How ART of IF Intern Kristen Mahan will #FlipTheScript this Men’s Health Month

As most of you already know, we The ART of Infertility will be in Los Angeles during the month of June for Men’s Health Month. We are thrilled to be collaborating with Dr. Paul Turek of The Turek Clinics and to have Men’s Health Network as a Media Sponsor. Throughout the next few weeks, we will have a series of announcements sharing specific programming we will be hosting in conjunction with the exhibit. Here is our first “mini announcement”: we got a grant!

Maria, left, with Kristen at University of Wisconsin Oshkosh

Throughout this year, The ART of Infertility has been working with Kristen, our undergraduate intern who is majoring in marketing at the University of Wisconsin Oshkosh. Kristen worked with Maria to design a research project that studies how social media campaigns can be better targeted at men with experiences of infertility. This work represents a new direction The ART of IF is embracing — mentoring young students about infertility and engaging in small research projects to provide an educational experience that responds to real, world issues in the fertility world.

We will have a lot to learn in this process but are excited and hope that we can #FlipTheScript to learn how to better include men in conversations of reproductive loss. Read more about the research project and Kristen’s take on it.

What is this grant?

With the help of Maria Novotny, I have been awarded the 2018/2019 Undergraduate Student/Faculty Collaborative Research Program grant. The research grant through the University of Wisconsin Oshkosh will allow me to travel to Los Angeles with the project and learn about the challenges men face when experiencing infertility. As a young college student, I really do not know much about this experience. But working with the project for a few months, I have become more acutely aware that even if I’m not infertile — a friend or family member in the future most likely will share in this experience.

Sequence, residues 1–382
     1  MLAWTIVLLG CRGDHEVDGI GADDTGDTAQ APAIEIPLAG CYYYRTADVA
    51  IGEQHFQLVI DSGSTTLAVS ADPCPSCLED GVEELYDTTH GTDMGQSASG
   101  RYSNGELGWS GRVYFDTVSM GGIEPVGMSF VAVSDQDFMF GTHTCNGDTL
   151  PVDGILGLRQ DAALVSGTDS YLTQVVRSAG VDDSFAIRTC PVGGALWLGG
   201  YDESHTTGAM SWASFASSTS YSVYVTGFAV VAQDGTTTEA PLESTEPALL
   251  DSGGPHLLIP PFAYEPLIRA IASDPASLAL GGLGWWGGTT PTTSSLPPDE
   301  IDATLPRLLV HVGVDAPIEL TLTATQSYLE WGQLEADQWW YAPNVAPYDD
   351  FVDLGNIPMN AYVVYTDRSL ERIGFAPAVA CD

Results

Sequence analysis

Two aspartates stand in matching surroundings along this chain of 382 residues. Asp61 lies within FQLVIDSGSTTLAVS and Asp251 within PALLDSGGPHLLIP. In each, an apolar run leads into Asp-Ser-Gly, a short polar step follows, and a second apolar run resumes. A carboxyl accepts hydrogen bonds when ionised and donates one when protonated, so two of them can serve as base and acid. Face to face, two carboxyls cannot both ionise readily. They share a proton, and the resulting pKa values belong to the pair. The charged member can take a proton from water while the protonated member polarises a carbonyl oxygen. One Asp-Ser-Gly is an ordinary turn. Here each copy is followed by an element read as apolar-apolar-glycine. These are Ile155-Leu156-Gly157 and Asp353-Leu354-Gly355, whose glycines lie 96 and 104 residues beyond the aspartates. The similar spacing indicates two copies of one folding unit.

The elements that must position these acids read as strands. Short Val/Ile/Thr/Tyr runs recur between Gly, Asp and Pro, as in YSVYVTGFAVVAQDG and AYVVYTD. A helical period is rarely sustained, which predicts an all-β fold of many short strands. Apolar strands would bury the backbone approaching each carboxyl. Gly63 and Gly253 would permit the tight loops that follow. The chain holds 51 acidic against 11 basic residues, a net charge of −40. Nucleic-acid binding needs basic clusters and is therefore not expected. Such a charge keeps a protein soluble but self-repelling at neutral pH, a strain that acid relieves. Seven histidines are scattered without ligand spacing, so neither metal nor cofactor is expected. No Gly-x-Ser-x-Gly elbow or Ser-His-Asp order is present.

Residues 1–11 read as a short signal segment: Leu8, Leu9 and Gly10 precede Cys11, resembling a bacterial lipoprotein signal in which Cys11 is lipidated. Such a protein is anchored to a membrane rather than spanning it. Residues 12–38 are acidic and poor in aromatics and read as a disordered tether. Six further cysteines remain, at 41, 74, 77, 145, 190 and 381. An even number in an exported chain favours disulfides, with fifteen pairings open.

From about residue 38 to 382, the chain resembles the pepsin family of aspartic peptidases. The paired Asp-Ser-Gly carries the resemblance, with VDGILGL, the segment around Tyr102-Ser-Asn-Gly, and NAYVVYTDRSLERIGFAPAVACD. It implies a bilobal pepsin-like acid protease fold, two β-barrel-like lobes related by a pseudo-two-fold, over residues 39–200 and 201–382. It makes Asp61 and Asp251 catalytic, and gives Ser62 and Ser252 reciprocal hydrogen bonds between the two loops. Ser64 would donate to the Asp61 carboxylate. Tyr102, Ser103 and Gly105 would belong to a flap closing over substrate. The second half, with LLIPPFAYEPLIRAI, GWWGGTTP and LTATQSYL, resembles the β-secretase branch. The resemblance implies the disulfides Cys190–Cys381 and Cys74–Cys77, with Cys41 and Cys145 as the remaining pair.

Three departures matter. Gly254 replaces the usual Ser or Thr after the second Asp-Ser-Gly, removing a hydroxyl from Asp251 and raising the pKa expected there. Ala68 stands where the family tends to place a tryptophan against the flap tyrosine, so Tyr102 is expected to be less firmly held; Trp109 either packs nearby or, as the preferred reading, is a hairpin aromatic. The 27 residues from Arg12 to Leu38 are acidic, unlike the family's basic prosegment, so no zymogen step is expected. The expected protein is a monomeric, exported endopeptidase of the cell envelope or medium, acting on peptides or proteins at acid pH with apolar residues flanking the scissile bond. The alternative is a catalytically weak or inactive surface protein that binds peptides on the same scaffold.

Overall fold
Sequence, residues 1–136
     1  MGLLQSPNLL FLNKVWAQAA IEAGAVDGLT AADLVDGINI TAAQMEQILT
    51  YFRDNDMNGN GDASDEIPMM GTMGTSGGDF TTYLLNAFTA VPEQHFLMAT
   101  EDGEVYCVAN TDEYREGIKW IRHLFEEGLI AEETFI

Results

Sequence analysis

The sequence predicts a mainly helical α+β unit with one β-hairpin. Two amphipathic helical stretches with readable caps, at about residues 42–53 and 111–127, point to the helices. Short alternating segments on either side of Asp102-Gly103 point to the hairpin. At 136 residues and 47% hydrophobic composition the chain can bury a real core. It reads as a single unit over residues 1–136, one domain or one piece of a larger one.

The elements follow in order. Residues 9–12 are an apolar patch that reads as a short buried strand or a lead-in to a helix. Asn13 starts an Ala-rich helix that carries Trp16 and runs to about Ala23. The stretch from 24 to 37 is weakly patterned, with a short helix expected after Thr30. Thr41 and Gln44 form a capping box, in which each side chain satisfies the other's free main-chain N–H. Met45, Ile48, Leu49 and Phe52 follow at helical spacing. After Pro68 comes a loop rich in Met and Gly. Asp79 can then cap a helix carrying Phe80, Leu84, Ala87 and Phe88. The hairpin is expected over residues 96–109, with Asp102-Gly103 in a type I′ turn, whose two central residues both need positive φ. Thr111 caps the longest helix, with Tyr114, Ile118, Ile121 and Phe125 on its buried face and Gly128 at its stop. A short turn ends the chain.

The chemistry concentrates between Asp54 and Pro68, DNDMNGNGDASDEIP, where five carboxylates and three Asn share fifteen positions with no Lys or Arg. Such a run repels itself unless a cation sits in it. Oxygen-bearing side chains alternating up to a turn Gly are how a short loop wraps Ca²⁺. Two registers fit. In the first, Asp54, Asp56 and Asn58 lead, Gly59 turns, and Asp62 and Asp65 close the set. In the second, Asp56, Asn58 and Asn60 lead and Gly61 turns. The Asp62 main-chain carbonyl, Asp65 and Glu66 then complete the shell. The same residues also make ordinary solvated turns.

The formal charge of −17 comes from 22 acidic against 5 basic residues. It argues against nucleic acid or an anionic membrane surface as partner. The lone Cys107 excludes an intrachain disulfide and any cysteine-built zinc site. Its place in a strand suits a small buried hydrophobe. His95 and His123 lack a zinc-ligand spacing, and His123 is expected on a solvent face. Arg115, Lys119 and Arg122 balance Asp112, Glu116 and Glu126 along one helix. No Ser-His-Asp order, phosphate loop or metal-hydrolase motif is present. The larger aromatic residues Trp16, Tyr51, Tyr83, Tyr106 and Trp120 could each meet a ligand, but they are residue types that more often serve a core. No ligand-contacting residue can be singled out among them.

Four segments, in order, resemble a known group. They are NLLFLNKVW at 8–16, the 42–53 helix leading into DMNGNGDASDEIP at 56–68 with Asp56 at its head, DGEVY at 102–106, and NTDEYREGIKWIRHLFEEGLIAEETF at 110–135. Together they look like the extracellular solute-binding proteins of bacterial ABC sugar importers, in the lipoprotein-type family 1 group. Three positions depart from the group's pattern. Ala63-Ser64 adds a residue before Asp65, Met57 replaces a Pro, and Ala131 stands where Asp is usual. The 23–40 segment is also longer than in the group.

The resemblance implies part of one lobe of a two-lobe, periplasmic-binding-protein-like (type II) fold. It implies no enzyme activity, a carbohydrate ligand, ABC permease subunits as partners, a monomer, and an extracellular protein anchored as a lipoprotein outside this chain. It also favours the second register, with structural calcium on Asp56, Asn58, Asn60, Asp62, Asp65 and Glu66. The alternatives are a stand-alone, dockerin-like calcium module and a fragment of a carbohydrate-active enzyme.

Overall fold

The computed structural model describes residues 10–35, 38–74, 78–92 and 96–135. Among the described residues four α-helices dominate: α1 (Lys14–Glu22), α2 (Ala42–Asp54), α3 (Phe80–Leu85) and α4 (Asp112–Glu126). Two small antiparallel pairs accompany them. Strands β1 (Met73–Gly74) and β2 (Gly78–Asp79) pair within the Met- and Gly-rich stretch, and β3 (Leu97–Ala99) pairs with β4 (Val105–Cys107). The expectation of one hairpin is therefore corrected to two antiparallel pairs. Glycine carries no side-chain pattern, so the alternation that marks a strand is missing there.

What is my research project?

Because The ART of Infertility tries to support marginalized populations experiencing infertility and that the Los Angeles event is held in conjunction with Men’s Health Month, my research project is focused on men.  Meaning, I am researching what educational resources men are in need of when experiencing infertility. We know one issue is a lack of male-focused infertility support. So, my research as a digital marketing student is interested in using social media as a way to foster a sense of support and community for infertile men. I plan to create a social media campaign, run that campaign after the opening of the LA exhibit, and then test the effectiveness of that campaign through a targeted survey. This means, that I need participants! So guys, this means I need you!

Why focus on social media?

A 2010 study found that media campaigns can greatly produce positive changes and prevent negative changes in health-related behaviors. I hope that my social media design and survey results will illuminate a series of findings and recommendations that describe methods of how to improve health-related resources for infertile men. Thus, reducing the isolating, stressful, emasculating, and stigmatized experience of male infertility.

What I’m looking forward to:

As a newer member to The ART of IF team, I am extremely grateful for the opportunity this grant from UW Oshkosh is allowing me to experience. Finally being able to see one of the exhibits that Maria and Liz put so much time and energy into will help me grow as a communications intern for ART of IF as well as a marketing/digital major in general. Throughout the first few months of interning with ART of IF, I have mostly seen women share their experiences with infertility. Having the chance to shift gears towards what males experience as well will be beneficial for my learning of the topic of infertility.